Auyanna McBride navigated gardening conditions in four countries when her husband was in the military, and she adapted even when she had only a postage stamp of outdoor space.
Her solution: container gardening.
“I have been gardening for over 20 years, and one of the things I tell people is, it doesn’t matter the amount of space,” says McBride, an accountant and gardener who has settled in Hinesville, Georgia, with her retired husband and a lot of plants. “Many times we didn’t have a yard. We mainly stayed in apartment-style buildings, but I would figure out a way to grow.”
McBride became so adept that she now has her own YouTube channel, called Southern Entertaining. She offers videos, books and courses for growing vegetables and fruits in raised beds and containers like the ones that have overtaken most of her back yard.
“I could really fill up more,” she says. “Why not have containers on the patio?”
Experts like McBride say container gardening is not only an easy, portable way to jump into gardening but also an efficient use of whatever space you have, be it a yard, patio or sunny window. Almost any container will do, whether it’s a plastic 5-gallon bucket or a ceramic heirloom. Just make sure the container is the right size for the plant and has holes for drainage. If you’re growing food, make sure the container is lead-free.
To get started, keep some basics in mind.
- Grow what you like. Don’t waste resources and space on something you won’t eat, says Whitney Wade, a garden teacher and coach who owns Plant Grow Eat, a garden service in Los Angeles. She sets up container gardens for clients and schools while growing the things she likes – vegetables, flowers and even fruit trees – in containers at home. “I have a garden that I’m installing for someone next week. She doesn’t want tomatoes, but everyone else, it’s tomato season,” says Wade. So if you only want herbs, stick with that.
- Pick the right plants. A common mistake is to pick a plant that will grow too big for your chosen container, says Megan Will, the master gardener coordinator in Dallas County for Iowa State University Extension. Buy plant varieties labeled for containers, and don’t crowd them. “[Gardeners] may have that 5-gallon bucket and they get a little bush-style or patio-style tomato plant, but then like, ‘Oh, but it’s so tiny in here. Let me throw some basil around it or lettuce around it,’ ” Will says. “Somebody’s going to lose. It’s better to put that basil ... in its own pot.”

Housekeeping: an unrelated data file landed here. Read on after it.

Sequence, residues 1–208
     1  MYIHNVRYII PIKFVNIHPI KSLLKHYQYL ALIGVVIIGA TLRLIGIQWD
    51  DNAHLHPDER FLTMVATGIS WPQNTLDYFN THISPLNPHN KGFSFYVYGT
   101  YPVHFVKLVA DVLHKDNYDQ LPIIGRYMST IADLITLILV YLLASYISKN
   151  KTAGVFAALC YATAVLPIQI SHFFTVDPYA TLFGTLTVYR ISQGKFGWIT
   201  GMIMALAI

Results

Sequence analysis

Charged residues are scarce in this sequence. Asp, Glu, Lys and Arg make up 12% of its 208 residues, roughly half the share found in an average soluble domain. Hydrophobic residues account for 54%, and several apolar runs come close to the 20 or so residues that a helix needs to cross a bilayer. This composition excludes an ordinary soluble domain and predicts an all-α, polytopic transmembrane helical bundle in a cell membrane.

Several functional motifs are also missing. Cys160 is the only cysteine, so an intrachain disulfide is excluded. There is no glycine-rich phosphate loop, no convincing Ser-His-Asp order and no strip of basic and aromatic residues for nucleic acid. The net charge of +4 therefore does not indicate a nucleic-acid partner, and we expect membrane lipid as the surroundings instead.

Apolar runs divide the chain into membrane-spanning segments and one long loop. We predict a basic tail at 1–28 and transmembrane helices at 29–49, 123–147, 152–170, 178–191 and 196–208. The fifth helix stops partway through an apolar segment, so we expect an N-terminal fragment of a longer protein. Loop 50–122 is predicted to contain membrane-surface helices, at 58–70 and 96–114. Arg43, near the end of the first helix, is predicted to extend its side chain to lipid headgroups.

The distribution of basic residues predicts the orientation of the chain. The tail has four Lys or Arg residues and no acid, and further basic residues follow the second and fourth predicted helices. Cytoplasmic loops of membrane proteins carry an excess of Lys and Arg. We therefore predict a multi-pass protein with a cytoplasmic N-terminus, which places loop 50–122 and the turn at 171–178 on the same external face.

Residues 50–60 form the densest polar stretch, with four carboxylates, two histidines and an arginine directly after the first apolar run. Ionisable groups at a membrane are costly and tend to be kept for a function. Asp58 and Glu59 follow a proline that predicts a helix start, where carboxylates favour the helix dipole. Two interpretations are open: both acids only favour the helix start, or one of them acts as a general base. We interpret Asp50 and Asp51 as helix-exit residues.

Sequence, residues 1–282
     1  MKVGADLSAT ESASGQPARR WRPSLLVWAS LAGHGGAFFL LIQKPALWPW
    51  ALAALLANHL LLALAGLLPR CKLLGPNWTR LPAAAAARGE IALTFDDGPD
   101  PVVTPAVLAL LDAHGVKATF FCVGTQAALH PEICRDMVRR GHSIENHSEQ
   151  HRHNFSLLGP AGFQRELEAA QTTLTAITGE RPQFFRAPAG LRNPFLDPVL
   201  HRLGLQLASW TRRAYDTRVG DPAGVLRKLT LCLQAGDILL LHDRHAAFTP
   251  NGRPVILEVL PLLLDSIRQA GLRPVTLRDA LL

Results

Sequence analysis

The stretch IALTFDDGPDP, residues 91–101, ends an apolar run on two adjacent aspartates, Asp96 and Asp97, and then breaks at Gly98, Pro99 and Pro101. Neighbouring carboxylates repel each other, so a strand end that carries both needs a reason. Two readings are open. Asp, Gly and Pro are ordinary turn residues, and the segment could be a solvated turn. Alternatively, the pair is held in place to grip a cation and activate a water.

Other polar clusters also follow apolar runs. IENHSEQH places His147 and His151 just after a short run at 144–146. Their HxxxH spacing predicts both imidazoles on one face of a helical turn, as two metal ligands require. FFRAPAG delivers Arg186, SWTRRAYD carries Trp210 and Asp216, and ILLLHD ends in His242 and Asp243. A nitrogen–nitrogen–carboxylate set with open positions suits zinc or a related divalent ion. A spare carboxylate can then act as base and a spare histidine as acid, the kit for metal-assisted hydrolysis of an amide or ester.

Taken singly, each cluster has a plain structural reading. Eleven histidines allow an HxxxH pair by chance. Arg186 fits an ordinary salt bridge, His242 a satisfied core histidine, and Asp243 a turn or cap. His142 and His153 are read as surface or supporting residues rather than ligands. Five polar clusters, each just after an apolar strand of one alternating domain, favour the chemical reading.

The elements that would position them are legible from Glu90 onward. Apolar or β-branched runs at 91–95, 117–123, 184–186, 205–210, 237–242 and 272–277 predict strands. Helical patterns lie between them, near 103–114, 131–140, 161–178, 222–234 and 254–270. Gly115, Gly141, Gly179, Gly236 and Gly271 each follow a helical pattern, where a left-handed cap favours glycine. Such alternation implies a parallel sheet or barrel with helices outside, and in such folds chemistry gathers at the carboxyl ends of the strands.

- Use the right soil. Be sure to use potting soil, which is relatively light. Avoid garden soil or topsoil, which will compact in a container, experts say. And don’t scrimp. “All potting soil is not equal,” McBride says. “So you want to get you the good-quality potting soil, maybe even with some nutrients in there already to start off so that you can set your plant up for success.”
- Water wisely. Never sprinkle or spray water from the top down on container plants, Will says. “Number one, half of that water isn’t even going to get in the pot because it’s just dripped over the sides and you’ve unnecessarily watered your foliage,” she says. “Push away any branches you have, and get it right down there at the soil level.” Then water until liquid comes out the bottom of the container. A layer of mulch on top of the soil will mean less water and weeds in large containers, she says. And keep the type of container in mind. Terra-cotta pots, for example, will dry out more quickly than plastic, notes Wade.
- Give it a boost. Containers depend on the gardener for nutrients, so McBride adds a slow-release organic fertilizer to her pots. She gives heavy feeders like tomatoes and cucumbers a boost of liquid fertilizer every month.
- Keep watch. Make it a habit to check on your plants for water and pests, says McBride. “I like to walk out in the garden at least once a day, check my leaves, check under my leaves, look at the plants. If there’s some pest, that’ll give you a time frame of when it started. Often we can have fungal diseases that just show up overnight.”
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Ask at your garden center or extension service for recommendations for container plants; there are new varieties every year as growers develop varieties that produce more in a smaller space. Experts say the following five categories usually do well:
“They can just go in little plastic pots. You can even use those little window boxes,” Will says. A container also will control an herb like mint that can become invasive in a garden.
The right container variety will produce plenty, says Will, who got 23 pounds of tomatoes from one Tasmanian Chocolate heirloom tomato plant, a variety designed for containers.
3. Lettuce and other greens
Lettuce is “really easy,” says McBride, and it’s great for spring and fall. Other greens such as kale, small-headed cabbage varieties like Katrina, and baby bok choy also do well in containers.
Strawberry plants are inexpensive enough to treat as an annual, Will says, and can even be grown in hanging baskets. Growing them yourself also means you control pesticides and fertilizers, she adds. “Here in Iowa garden centers, you get a six-pack of strawberries for $12.99. But then those strawberries will produce generally more than $12.99 worth of what you would’ve bought in the store, and it’s right on your patio.”
5. Fruit trees and vines
Wade and McBride both grow fruit trees in containers, including apple, plum, peach, fig and citrus, although admittedly they use large containers. McBride also grows grapes. “We actually have a variety called Pixie Grapes. They’re bred for containers; we get a few clusters every year,” she says.
Susan Moeller is a contributing writer who covers lifestyle, health, finance and human-interest topics. A former newspaper reporter and editor, she also writes features and essays for the Boston Globe Magazine as well as her local NPR station, among other outlets.